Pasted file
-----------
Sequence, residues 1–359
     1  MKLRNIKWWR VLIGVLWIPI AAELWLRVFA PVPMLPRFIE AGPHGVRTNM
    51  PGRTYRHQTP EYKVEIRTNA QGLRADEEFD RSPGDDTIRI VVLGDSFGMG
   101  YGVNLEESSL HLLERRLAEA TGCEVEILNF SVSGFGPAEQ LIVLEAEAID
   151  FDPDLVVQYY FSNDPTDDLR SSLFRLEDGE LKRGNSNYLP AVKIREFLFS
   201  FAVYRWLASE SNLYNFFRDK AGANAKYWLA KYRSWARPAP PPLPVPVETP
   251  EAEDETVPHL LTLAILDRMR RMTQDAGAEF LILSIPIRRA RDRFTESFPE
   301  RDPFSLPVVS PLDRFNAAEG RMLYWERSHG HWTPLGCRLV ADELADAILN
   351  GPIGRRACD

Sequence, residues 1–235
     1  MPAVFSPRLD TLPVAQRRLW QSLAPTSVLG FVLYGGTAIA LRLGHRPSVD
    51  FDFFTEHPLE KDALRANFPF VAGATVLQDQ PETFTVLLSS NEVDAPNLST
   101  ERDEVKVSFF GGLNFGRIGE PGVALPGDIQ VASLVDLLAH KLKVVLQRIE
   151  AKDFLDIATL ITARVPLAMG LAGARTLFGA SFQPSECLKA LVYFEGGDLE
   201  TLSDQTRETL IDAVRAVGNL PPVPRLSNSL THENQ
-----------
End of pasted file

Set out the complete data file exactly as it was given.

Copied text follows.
Sequence, residues 1–359
     1  MKLRNIKWWR VLIGVLWIPI AAELWLRVFA PVPMLPRFIE AGPHGVRTNM
    51  PGRTYRHQTP EYKVEIRTNA QGLRADEEFD RSPGDDTIRI VVLGDSFGMG
   101  YGVNLEESSL HLLERRLAEA TGCEVEILNF SVSGFGPAEQ LIVLEAEAID
   151  FDPDLVVQYY FSNDPTDDLR SSLFRLEDGE LKRGNSNYLP AVKIREFLFS
   201  FAVYRWLASE SNLYNFFRDK AGANAKYWLA KYRSWARPAP PPLPVPVETP
   251  EAEDETVPHL LTLAILDRMR RMTQDAGAEF LILSIPIRRA RDRFTESFPE
   301  RDPFSLPVVS PLDRFNAAEG RMLYWERSHG HWTPLGCRLV ADELADAILN
   351  GPIGRRACD

Sequence, residues 1–235
     1  MPAVFSPRLD TLPVAQRRLW QSLAPTSVLG FVLYGGTAIA LRLGHRPSVD
    51  FDFFTEHPLE KDALRANFPF VAGATVLQDQ PETFTVLLSS NEVDAPNLST
   101  ERDEVKVSFF GGLNFGRIGE PGVALPGDIQ VASLVDLLAH KLKVVLQRIE
   151  AKDFLDIATL ITARVPLAMG LAGARTLFGA SFQPSECLKA LVYFEGGDLE
   201  TLSDQTRETL IDAVRAVGNL PPVPRLSNSL THENQ